What Is Presidential Pardon Power And Are There Limits To Its Use?
U.S. presidents have the power to issue pardons to individuals for certain crimes. When a president prepares to leave office, pardons typically start to pour out of the Oval Office.
President Trump is said to be considering the use this power to preemptively pardon his family members or himself ahead of the inauguration of President-elect Biden. Gerald Ford pardoned Richard Nixon after the Watergate scandal, but no previous presidents have done so for themselves.
How does executive clemency work and are there limits to its use? Who can be pardoned and for what kinds of crimes?
How have previous U.S. presidents used the pardon power? What are the arguments for and against issuing pardons in certain situations?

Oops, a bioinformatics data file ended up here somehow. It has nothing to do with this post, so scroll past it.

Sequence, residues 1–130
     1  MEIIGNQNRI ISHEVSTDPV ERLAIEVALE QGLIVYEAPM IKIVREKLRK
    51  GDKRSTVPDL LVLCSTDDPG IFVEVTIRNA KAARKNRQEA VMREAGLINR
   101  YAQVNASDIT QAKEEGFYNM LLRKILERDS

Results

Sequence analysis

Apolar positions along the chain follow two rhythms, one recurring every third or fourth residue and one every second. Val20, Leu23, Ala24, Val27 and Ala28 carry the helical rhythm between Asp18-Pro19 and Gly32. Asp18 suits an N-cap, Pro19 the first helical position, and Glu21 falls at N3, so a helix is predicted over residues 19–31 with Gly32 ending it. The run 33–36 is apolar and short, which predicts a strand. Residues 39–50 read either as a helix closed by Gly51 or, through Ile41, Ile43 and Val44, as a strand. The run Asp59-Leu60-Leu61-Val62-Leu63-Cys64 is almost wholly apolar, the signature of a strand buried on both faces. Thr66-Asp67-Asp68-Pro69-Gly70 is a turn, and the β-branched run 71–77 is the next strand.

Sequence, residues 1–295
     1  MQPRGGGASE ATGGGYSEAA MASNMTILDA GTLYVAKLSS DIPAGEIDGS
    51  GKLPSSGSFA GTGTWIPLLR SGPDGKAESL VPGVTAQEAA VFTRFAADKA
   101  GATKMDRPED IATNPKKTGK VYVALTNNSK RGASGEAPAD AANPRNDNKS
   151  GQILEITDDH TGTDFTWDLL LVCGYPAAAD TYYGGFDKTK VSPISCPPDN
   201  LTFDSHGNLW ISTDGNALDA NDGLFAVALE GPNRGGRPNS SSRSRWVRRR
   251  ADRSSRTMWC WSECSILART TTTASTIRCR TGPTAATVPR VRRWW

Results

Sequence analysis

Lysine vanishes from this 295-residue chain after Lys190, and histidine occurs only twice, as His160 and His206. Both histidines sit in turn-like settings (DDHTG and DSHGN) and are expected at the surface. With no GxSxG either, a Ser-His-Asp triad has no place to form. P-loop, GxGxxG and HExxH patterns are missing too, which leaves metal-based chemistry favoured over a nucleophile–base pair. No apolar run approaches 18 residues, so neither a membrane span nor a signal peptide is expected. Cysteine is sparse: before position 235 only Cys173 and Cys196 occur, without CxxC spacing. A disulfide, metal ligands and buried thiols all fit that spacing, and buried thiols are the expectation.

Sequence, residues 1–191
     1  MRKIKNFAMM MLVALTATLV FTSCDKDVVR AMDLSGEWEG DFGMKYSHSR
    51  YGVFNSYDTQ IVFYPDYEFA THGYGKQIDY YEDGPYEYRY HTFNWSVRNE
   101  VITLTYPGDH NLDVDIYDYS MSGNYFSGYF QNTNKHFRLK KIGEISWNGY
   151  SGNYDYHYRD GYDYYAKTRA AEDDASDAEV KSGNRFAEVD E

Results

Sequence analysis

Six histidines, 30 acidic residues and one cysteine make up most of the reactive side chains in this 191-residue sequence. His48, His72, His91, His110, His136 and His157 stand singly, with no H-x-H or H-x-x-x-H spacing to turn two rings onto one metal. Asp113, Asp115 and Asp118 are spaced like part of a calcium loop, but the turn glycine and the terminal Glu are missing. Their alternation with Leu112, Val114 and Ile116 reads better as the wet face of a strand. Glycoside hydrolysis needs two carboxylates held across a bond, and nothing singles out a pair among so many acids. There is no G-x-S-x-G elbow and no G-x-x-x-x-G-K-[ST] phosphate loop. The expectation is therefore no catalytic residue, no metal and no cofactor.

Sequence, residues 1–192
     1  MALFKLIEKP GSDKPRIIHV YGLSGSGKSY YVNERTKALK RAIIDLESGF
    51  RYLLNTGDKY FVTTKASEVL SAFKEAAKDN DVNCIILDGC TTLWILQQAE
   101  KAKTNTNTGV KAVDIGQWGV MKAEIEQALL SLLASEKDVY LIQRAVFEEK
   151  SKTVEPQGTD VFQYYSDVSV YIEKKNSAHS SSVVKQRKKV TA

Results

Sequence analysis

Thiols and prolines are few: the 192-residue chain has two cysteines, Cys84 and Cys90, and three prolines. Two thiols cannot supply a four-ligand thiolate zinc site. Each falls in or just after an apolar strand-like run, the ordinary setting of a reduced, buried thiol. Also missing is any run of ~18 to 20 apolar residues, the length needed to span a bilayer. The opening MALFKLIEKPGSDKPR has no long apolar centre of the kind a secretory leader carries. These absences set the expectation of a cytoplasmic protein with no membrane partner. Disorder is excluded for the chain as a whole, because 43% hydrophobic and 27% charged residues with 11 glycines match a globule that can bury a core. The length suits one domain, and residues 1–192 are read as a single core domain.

How can clemency be used as a political tool? Should the process be reformed and if so, how would that happen?
- Rachel Barkow, vice dean and Segal Family Professor of Regulatory Law and Policy at NYU School of Law and Policy, faculty director for NYU's Center on the Administration of Criminal Law and author of "Prisoners of Politics"
- Paul Larkin, Jr., senior legal research fellow in the Meese Center for Legal and Judicial Studies at The Heritage Foundation
- Ciara Torres-Spelliscy, professor at Stetson University College of Law and fellow at the Brennan Center for Justice
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*This interview was recorded on Tuesday, December 15.